Jordan Bell and Dr. Richard Bennett, Church History and Doctrine
Our research suggests that though the late Kirtland period was very difficult for the faith of the Latter-Day Saints, a large majority continued to identify with the Church through the Nauvoo period. Significant numbers eventually gathered with the Saints in Utah.1
On December 2nd, 1836, members of the Church of Jesus Christ of Latter-Day Saints met to constitute a bank in Kirtland, Ohio called the Kirtland Safety Society. Sidney Rigdon was elected President of the new bank, and Joseph Smith was elected cashier. As a result of rampant speculation and the Panic of 1837, the Kirtland Safety Society failed as a financial institution. The period that followed proved to be one of the most trying in the young Church’s history. Many, discouraged by their financial losses and the apostasy of some prominent leaders, became disaffected with Joseph Smith and the rest of the Church. But how many actually left? And how many of the original 187 investors – those likely to have been impacted most by the bank’s collapse – remained with the rest of the Church after the fiasco of the Kirtland Safety Society?
In order to answer this question, we worked to track down vital information about each of these 187 charter members of the Safety Society. Our main assumption was that whether or not someone was affiliated with the Saints at a particular time could be suggested by where that person lived and died.
The early Church of Jesus Christ of Latter-Day Saints placed great emphasis on place. Members of the Church were to gather into one body in order to establish and build a Zion community. Because of this, we can assume that the location of an individual near or far from the gathering of the Saints is a potential indicator of whether the individual identified with the Church at that time.
In addition, Latter-Day Saints tended to colonize new settlements, such as Nauvoo, IL and Salt Lake City, UT for the location of their Zion. These areas also had little to offer those not associated with the religious movement. This leads us to believe in an even stronger correlation between location and LDS affiliation. For example, if Individual X moved to California in 1850, he was probably connected with the gold rush in some way. If Individual Y moved to Utah in 1850, she was probably LDS. If the Mormons had gathered to California, it would be more difficult to guess why an individual traveled there.
In researching the faith of the Kirtland investors, it is important to remember that many early members of the Church wandered in and out of membership. For this reason we chose to look at several general time periods rather than specific years. This allowed us to use a variety of sources, none of which was comprehensive by itself.
In determining whether an individual was affiliated with the LDS Church within a given time period, actual biographical information took precedence over inference based on dates and places of death, marriage, etc. For instance, Amasa Lyman died in Utah in 1877. Despite being a member and even Apostle of the Church in Utah, he renounced his faith and was excommunicated in 1870. He is not reported as part of the Church for the Utah period.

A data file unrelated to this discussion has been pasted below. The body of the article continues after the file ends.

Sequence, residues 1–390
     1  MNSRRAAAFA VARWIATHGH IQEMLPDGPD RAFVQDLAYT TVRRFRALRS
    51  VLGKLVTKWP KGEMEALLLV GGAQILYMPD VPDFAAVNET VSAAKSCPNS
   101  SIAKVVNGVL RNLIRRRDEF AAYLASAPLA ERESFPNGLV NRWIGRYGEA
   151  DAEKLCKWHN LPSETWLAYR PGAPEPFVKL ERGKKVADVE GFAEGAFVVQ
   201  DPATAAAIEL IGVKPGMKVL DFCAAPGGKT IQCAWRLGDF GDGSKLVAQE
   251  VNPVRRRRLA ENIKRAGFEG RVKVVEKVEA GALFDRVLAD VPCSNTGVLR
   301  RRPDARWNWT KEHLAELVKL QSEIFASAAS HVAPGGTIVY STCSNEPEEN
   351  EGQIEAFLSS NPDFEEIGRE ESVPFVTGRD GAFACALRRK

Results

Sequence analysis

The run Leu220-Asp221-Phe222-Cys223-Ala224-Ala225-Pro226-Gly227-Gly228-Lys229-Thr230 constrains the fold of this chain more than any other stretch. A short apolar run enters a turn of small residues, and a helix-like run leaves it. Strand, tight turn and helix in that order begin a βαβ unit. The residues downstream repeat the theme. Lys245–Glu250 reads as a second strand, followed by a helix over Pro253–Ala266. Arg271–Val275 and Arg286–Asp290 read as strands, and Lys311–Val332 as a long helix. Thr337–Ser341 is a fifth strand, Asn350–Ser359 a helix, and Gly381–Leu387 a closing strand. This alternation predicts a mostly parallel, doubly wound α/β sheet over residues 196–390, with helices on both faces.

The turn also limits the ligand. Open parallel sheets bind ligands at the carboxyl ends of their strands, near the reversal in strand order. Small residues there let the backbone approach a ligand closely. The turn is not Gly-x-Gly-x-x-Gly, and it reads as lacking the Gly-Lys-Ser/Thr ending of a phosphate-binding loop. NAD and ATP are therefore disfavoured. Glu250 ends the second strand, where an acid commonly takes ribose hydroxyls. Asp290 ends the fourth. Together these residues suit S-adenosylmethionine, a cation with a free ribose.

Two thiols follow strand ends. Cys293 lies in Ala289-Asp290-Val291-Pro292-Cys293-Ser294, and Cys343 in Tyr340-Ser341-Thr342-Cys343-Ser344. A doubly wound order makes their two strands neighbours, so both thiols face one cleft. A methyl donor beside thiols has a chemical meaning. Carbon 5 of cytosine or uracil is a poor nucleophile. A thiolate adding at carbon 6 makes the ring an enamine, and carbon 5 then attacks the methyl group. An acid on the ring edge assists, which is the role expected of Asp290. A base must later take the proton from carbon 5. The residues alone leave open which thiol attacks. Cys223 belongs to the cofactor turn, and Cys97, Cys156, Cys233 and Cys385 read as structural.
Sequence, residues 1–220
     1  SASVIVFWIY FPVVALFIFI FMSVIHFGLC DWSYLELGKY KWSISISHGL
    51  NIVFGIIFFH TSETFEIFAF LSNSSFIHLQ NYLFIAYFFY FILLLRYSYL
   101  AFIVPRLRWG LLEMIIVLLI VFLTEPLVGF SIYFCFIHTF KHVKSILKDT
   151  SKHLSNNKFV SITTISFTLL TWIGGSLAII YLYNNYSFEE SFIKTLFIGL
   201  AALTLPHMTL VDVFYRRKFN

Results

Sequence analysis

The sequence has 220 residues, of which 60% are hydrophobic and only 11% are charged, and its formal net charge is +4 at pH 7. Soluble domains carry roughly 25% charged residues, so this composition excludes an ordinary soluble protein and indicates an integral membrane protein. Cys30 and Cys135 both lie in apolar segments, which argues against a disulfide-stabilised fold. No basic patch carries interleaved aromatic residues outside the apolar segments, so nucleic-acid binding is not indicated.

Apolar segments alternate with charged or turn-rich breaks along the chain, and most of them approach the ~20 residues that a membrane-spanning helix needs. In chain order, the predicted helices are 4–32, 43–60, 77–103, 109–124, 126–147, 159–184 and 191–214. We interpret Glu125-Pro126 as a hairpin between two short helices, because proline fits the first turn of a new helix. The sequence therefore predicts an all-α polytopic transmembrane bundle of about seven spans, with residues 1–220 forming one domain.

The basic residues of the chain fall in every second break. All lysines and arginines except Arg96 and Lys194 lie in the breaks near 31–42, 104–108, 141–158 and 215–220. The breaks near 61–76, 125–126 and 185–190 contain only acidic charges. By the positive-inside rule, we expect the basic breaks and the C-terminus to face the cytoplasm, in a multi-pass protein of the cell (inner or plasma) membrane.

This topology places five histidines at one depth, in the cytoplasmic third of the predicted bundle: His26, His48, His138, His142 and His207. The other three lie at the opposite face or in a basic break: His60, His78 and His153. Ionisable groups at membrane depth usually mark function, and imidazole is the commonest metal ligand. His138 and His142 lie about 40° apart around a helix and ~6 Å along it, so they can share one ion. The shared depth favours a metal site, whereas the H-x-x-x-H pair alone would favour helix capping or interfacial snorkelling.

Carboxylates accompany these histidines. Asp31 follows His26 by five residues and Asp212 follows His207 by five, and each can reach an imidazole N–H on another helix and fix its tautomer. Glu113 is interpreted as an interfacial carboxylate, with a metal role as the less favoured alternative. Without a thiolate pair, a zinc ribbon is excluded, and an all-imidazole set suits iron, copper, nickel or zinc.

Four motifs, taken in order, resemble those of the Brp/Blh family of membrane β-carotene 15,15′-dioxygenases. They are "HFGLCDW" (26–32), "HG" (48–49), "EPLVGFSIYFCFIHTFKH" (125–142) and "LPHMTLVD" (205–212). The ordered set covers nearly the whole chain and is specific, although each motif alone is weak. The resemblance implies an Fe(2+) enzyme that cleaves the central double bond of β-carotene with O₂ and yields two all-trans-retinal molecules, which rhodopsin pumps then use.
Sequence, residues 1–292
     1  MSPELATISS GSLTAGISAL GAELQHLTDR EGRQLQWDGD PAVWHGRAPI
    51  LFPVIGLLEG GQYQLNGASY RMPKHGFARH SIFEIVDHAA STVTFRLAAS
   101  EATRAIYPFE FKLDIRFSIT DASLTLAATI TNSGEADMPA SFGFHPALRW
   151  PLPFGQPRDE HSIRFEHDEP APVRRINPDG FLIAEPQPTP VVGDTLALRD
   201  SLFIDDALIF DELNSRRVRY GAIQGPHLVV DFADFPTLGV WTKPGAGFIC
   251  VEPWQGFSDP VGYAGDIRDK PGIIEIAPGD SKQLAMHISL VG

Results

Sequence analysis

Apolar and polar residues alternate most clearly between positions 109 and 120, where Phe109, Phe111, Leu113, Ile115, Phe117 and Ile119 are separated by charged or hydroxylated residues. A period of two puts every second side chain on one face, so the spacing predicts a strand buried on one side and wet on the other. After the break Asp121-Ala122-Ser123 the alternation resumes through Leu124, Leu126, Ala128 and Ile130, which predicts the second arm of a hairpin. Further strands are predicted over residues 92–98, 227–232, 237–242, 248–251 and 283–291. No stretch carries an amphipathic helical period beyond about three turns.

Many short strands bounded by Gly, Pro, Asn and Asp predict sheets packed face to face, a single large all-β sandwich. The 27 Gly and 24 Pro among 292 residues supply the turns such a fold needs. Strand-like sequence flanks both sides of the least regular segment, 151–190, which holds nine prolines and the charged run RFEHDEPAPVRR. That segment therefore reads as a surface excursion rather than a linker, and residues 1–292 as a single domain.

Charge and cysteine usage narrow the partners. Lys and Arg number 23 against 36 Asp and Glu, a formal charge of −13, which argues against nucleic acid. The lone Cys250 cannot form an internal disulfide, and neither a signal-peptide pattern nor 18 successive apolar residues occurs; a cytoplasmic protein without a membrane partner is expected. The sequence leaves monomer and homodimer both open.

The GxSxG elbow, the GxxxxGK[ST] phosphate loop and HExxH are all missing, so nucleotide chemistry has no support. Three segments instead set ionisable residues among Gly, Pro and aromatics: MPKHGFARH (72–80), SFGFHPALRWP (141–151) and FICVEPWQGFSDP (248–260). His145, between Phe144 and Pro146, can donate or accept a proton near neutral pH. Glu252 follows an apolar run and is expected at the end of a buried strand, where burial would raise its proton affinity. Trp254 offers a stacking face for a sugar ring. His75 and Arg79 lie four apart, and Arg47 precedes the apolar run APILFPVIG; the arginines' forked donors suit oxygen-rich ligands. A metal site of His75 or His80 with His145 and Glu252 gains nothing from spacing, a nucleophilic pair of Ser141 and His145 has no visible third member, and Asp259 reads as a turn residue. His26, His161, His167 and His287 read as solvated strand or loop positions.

There are many of the investors that we are yet unable to account for. They are grouped into a separate category. Because the LDS people generally kept careful records, it is likely that these unknowns were not numbered with the Saints after Kirtland, though we have found some exception to this rule.
We relied heavily on the following sources:
• Membership of the Church of Jesus Christ of Latter-Day Saints, 1830-1844 by Susan Easton Black
• Database of the Historical Pioneer Research Group
• Journal History of the Church, LDS Archives
• Database of The Book of Abraham Project
• Mormon Pioneer Overland Travel Database, LDS Church
• Biographical Registers of BYU Studies
For the Nauvoo Period (1839-1846), we found that 133 of the investors (71%) were present with the Saints in Nauvoo, while 15 (8%) had left the Church and 2 (1%) had died. We are yet unable to account for the remaining 37 investors (20%).
We also investigated those who traveled the Mormon Trail to Utah. Among those crossing the continent with the Mormons were 79 of the Kirtland investors (42%). The count of the apostates grew to 31 (17%), largely due to the power struggle after Joseph Smith’s death. Twenty-two (12%) of the investors had died by this time, while a significant 55 (29%) are unaccounted for.
Of the 187 investors, it appears that at least 69 (37%) died in the faith after traveling to Utah. Thirty-four (18%) are believed to have apostatized, while 29 (16%) had previously died (faithful). We again are uncertain about the remaining 55 investors (29%).
While there is more work left to do, particularly in researching those yet unknown to us, our preliminary results show that a large majority of those who lost money in the Kirtland Safety Society’s failure made it at least to Nauvoo. This implies that the Kirtland difficulty, though highly significant, may have had less quantitative impact on the Church than was previously thought.
The results of this research were presented at an ORCA-sponsored poster session September 26-27, 2011 at Brigham Young University. A paper on the results is also in preparation for submission to the annual BYU Religious Education Student Symposium to be held February 17, 2012. With further research and critique, we expect to submit a revised paper to a peer-reviewed journal such as BYU Studies or Journal of Mormon History.